Equally important, the Terps showed that they had made progress overcoming the difficulties that plagued them with losses to Clemson and Rutgers.

With a one-handed putback dunk from Hakim Hart’s missed three-point attempt, the second striker, Donta Scott, brought the game to a climax about three minutes before the end. Scott jumped over a La Salle defender, and Maryland’s Bank broke out in disbelief. The game exuded the confidence, tenacity and energy that coach Mark Turgeon had hoped for in this matchup. And by then the Terps had finally sealed their victory.

“There were times when we couldn’t score and they shot and we lost a little momentum, but our energy was great,” said Turgeon. “Our boys had fun tonight.”

The two previous games in Maryland had presented a startling reality: performance of this caliber would not be enough to produce many positive results in the Big Ten game. And that game against the Explorers (3-5) provided Maryland, which dropped its conference opener for Rutgers, one final improvement before the more than two-month section of conference competition. So the Terps (5-2) not only wanted a win to end their losing streak, they also wanted some security that they could play much better than what they had recently shown.

Five Maryland players achieved double-digit results, a rounded performance reminiscent of the Terps’ success in the preseason. Junior guard Eric Ayala led the game with 23 points in 4v11. Ayala often made it to the foul line, scoring 13 out of 15 attempts. His performance spanned 15 points in the second half as the Explorers threatened Maryland’s lead. Ayala added three assists, including a pass to Hart for an alley-oop, another highlight reel game that extended Maryland’s lead to 12 but also resulted in a technical foul for pulling up on the edge.

The Explorers, ranked 174th out of 357 teams on Ken Pomeroy’s analytical ranking, reduced Maryland’s lead to just seven points in the second half. They made 14 out of 29 tries out of the three-point range that kept them in the game, only allowing Maryland to gain a comfortable advantage in the final minutes.

“We allowed La Salle too many open shots and they took advantage of those opportunities,” said Junior Guard Aaron Wiggins. “We still have to be better defensively, but I thought we were mostly tough. We pressed it in the second half when they were doing their runs. “

Wiggins, who recently dealt with an elbow injury, had a rebound game with 15 points and nine rebounds after scoring just six points in each of the previous two games. Hart (13 points), Scott (11) and junior striker Jairus Hamilton (10) rounded off the group of Terps, which reached a double-digit value. The Terps only had four turnovers, the least since February 1993.

“I think we’re just growing together,” said Ayala. “It’s a new team that has a lot of new players. Our chemistry is getting stronger. With every training session, every game, we get more and more a feeling for one another. It makes it easier for us to go out and play with each other. “

When the Terps lost their home to Rutgers last week, the Scarlet Knights bench was far louder and more involved. Turgeon said he showed his players a video of how the Rutgers bank reacted to a basket compared to Maryland’s reaction to the next possession. When you play in empty arenas, “you can turn a street game into a home game,” Turgeon said this week, “which I think Rutgers did with her enthusiasm.” On Tuesday, the Terps made obvious strides in this area, both with their energy on the sidelines and on the court.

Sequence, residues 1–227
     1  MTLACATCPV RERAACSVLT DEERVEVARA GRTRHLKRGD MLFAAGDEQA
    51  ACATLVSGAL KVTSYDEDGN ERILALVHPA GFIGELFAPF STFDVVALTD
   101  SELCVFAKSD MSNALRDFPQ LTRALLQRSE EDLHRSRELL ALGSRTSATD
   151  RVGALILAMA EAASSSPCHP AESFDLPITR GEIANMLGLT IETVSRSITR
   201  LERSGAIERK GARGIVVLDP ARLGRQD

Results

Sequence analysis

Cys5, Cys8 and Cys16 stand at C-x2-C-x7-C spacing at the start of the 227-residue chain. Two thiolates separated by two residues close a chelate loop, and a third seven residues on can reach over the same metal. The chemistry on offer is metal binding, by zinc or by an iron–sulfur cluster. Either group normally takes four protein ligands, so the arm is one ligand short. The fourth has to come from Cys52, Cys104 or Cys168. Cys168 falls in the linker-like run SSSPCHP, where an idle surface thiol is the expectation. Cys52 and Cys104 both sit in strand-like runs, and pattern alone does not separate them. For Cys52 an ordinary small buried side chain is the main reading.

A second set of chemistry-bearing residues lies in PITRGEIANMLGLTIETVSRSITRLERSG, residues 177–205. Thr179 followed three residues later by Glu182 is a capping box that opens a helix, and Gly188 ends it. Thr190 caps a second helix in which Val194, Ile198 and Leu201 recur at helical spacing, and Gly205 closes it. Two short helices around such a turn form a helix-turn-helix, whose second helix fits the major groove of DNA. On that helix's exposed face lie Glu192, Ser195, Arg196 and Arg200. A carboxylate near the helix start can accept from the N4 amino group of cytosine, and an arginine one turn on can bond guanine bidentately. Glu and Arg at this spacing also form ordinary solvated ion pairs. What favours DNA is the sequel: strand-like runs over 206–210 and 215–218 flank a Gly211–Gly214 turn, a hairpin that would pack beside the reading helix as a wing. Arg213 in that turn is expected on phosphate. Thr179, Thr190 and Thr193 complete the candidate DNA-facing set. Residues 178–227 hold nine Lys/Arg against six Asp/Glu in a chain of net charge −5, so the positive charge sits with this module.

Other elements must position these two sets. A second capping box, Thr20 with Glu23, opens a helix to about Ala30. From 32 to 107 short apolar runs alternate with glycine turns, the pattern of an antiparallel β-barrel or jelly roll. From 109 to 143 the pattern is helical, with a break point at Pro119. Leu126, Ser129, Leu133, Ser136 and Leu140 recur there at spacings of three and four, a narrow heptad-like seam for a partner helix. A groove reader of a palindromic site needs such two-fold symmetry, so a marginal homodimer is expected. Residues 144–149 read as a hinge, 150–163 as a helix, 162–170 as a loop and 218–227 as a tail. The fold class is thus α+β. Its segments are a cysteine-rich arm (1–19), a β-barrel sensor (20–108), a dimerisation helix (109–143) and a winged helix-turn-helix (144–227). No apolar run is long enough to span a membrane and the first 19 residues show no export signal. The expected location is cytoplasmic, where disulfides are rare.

A 7-foot-2 sophomore center, Chol Marial has had some solid stretches and ended with two blocks, a promising sign for Maryland if he can repeat that feat in the Big Ten game when Maryland takes on teams with formidable front courts Players. Marial only played six minutes, and the Terps’ upcoming opponents will prove to be far more challenging tests in the color.

Maryland got into a shooting slump for five minutes in the first half and made 1 of 8 attempts off the field. But Wiggins finished the skid with a steal and a score, followed by a three-pointer to the next possession. The junior played with the aggressiveness Maryland needs from him to be successful in more difficult matchups. The Terps ended halftime with a 10-0 run and led by 40:25 at halftime. In the last five minutes of the first half, Turgeon said: “We were on the defensive pretty much all year.”

David Beatty, the Explorers’ leading scorer at 10.4 points per game, only had three in the first half in a 6-1 draw. Beatty scored La Salle’s first points on a shot from deep, but he didn’t make another basket the rest of the way and ended with four points.

The Terps held La Salle at 32.1 percent in the first half, but the Explorers started the second half with three shots from three-point range in the first four minutes. By about mid-half, the explorers had fired 8 out of 12 shots and reduced their deficit to seven. Hart replied with a three-pointer to Maryland’s next possession. Soon after, the Terps forced two turnovers in two minutes, each time Maryland struck the following possession.

Maryland only made 7 out of 28 shots from three-point range for the game and missed 6 out of 10 free-throw attempts in the first half. After the game, Wiggins said to his teammates in the locker room: “Imagine we shot.”

The terps are still not where they need to be in the range, and if they can score a few more three points, a tight second half will become a dominant win in a game like Tuesday’s. But the Terps will take the boost of security as they set off for a massive marathon of the Big Ten games that begins in Purdue on Christmas Day. These performances will prove whether the improvement Maryland showed against La Salle is sustainable against tougher opponents.

“We’re getting closer,” said Turgeon. “We’re not there yet, but we’re getting closer.”